Overall: Come on, Mr Paul, you can do much better than this crap movie. You did it before over dozens of episodes! 1.5 disenchanted crabs out of 5 for now, though.

Wednesday, 17 September 2014

Transcendence

Lowdown: Old vs. new species after a soon to die scientist uploads himself into a computer.
Review:
Transcendence is one of those science fiction movies that comes packed with a big promise. On the technical side, it sports the acting talents of the likes of Johnny Depp accompanied by Paul Bettany and Morgan Freeman. Even House of Card’s Kate Mara is there, as well as Rebecca Hall. More importantly, on the story side it deals with material of great potential and relevancy: what’s to come of humanity once the humans and computers blend even further than each of us glued to their smartphones?
As we start in some sort of a near future universe, we learn that scientists are on the verge of creating convincing artificial intelligences. If you ask Will (Depp), we’re at it already. Motivated by this exact threat, a group of terrorists (led by Mara and including Lukas Haas of Witness fame) strikes at the leading scientists in the subject matter, leaving them all dead or – in the case of Will – dying. Whether the terrorists intended to trigger the cataclysm they were warning against or not is unclear: Will and his now desperate lover (Hall) have no choice but to attempt Will's preservation through uploading his personality into their computer.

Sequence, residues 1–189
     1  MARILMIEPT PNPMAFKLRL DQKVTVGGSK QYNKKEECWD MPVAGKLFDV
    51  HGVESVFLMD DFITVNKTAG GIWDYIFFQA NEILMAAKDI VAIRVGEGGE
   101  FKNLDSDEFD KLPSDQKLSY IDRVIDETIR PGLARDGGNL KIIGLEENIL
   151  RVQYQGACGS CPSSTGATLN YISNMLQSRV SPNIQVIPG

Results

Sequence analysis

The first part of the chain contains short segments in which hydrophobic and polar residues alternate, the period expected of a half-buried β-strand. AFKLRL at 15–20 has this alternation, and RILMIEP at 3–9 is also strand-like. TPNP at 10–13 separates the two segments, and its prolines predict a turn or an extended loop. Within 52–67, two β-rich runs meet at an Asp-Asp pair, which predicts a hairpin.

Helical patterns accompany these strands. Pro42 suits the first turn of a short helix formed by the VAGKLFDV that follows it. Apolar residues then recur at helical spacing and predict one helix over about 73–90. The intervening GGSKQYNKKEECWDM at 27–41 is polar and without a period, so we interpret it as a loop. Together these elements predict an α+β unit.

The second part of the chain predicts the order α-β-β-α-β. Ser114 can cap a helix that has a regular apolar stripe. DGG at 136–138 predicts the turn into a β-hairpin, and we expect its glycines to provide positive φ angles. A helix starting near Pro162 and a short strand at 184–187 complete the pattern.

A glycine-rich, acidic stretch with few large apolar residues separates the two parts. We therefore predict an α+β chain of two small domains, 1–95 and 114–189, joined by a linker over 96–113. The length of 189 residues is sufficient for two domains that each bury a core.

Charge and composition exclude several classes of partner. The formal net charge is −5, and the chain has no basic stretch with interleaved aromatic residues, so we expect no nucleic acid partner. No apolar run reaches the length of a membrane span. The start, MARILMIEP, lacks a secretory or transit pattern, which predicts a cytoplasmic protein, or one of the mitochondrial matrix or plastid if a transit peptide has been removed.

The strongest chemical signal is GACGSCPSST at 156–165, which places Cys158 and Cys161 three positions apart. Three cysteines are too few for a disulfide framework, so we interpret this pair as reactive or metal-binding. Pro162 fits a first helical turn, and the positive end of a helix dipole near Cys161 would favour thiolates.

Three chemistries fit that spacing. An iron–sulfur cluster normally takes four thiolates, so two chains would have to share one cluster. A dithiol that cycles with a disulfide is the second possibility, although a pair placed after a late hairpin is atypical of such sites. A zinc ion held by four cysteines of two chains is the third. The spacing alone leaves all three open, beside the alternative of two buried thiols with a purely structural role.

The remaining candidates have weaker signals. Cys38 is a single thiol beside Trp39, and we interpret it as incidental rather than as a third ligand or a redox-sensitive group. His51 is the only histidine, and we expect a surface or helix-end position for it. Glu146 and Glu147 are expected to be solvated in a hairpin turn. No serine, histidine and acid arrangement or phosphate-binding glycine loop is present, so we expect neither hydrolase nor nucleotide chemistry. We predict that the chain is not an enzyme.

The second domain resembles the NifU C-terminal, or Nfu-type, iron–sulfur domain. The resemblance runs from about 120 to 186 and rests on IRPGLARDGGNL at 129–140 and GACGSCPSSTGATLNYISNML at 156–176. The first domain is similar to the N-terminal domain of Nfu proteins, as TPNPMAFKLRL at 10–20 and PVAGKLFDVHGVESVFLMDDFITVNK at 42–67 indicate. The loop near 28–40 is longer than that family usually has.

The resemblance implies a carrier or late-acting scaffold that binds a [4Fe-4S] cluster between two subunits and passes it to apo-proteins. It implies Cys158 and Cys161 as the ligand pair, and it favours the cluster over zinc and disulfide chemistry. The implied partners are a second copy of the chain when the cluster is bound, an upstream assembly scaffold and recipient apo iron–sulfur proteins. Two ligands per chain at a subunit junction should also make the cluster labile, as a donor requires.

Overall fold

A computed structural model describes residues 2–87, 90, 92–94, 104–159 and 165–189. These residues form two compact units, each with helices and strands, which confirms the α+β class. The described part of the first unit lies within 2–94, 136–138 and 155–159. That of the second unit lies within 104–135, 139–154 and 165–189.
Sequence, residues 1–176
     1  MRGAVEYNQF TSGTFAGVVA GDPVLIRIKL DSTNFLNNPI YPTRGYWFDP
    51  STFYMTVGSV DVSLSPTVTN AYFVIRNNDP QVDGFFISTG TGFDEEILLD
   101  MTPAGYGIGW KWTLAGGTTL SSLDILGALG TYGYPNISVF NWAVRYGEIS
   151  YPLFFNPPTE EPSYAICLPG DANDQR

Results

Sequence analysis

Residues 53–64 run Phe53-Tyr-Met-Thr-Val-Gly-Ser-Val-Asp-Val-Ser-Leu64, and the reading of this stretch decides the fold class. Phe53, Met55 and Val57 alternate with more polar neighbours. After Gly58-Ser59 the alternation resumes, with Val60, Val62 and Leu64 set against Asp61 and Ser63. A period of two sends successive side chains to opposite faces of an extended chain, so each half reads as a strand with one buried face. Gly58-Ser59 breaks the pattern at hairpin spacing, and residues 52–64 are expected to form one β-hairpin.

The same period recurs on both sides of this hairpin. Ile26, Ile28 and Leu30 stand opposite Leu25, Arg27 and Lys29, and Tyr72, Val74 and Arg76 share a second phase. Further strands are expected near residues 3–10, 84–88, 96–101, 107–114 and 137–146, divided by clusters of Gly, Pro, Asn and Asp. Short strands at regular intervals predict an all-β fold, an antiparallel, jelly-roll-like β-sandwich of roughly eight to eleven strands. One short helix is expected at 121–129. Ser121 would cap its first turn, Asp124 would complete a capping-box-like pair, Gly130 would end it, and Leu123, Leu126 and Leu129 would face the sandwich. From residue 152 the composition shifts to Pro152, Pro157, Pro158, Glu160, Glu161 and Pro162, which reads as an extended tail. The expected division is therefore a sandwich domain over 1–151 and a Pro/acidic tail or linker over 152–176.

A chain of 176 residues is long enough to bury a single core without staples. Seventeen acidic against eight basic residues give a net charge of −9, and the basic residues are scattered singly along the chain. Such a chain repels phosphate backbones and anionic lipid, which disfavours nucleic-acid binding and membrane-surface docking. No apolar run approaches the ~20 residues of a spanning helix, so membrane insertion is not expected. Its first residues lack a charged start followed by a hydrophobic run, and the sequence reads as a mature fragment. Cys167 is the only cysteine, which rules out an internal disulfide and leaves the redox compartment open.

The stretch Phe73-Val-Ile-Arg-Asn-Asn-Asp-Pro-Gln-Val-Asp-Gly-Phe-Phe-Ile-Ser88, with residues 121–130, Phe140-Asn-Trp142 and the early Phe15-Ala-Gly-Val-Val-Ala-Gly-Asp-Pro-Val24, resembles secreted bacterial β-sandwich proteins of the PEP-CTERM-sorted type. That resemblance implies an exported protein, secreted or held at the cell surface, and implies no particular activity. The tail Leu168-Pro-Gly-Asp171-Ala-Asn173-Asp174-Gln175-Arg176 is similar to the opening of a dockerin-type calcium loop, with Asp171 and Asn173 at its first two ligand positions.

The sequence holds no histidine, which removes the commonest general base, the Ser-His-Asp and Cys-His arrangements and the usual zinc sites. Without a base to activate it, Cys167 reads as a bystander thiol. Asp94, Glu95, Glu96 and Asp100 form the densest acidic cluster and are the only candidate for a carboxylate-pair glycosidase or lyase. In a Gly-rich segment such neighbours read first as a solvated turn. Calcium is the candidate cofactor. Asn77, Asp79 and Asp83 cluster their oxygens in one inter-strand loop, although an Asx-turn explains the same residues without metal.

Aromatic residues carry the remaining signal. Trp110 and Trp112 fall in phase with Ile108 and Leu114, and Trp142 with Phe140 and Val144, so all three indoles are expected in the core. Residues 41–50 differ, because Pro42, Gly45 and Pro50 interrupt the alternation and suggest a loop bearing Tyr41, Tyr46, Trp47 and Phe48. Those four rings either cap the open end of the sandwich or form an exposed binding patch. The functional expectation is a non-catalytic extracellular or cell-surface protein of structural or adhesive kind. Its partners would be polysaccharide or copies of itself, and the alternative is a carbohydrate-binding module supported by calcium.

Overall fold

Problem is, once this is done there is no turning back. Evolution had just taken one of its biggest steps ever, leaving both sides feeling threatened. Which of the two will make it out to the end of Transcendence - the humans or the humanised computer?
As promising as Transcendence was, the same two things that built up so much promise around it end up actually hindering it. First is the rather anaemic performance from Depp, whose character does not survive the transition to the virtual as well as it should. Perhaps it’s not Depp that should be blamed but rather the script that fails to provide him with opportunities to shine, but then again none of the other actors seem to rise to the occasion. They just wander around looking grim, if anything.
On the plot side of things, Transcendence fails to deliver any shred of freshness in its message. It’s the usual warning sign that we’ve seen before in movies like Terminator, but it’s artificially (pun intended) dumbed down. Why, to point a finger, do things have to come up to a zero sum game of “us or them”?
Overall:
If it’s a mediocre action thriller with some sci-fi spread on top that you’re after then, by all means, try Transcendence. If, however, you’re after serious brain indulgence wrapped up in an easy to digest package then do go for those that have been there, done that, and proved themselves. Lucky for us, there is a long list of candidates: as mentioned, there is The Terminator and Terminator 2; in the book department we have the likes of Robocalypse; and in the video game scene there’s my all time favourite, Mass effect.
As for Transcendence, it’s probably worth 2.5 out of 5 dull crabs.

Wednesday, 10 September 2014

Godzilla

Lowdown: When giant monsters attack the earth, the world has only one way to defend itself.
Review:
I don’t mind silly fun, and as such I did not mind 1998’s Roland Emmerich’s Godzilla that much. I actually quite enjoyed it. But still, the only reason I sat down to watch the 2014 version was Walter White (you might know him as Breaking Bad’s star Bryan Cranston). Sadly, I was disappointed on all fronts with this new take. Yes, I was disappointed by Walter, too.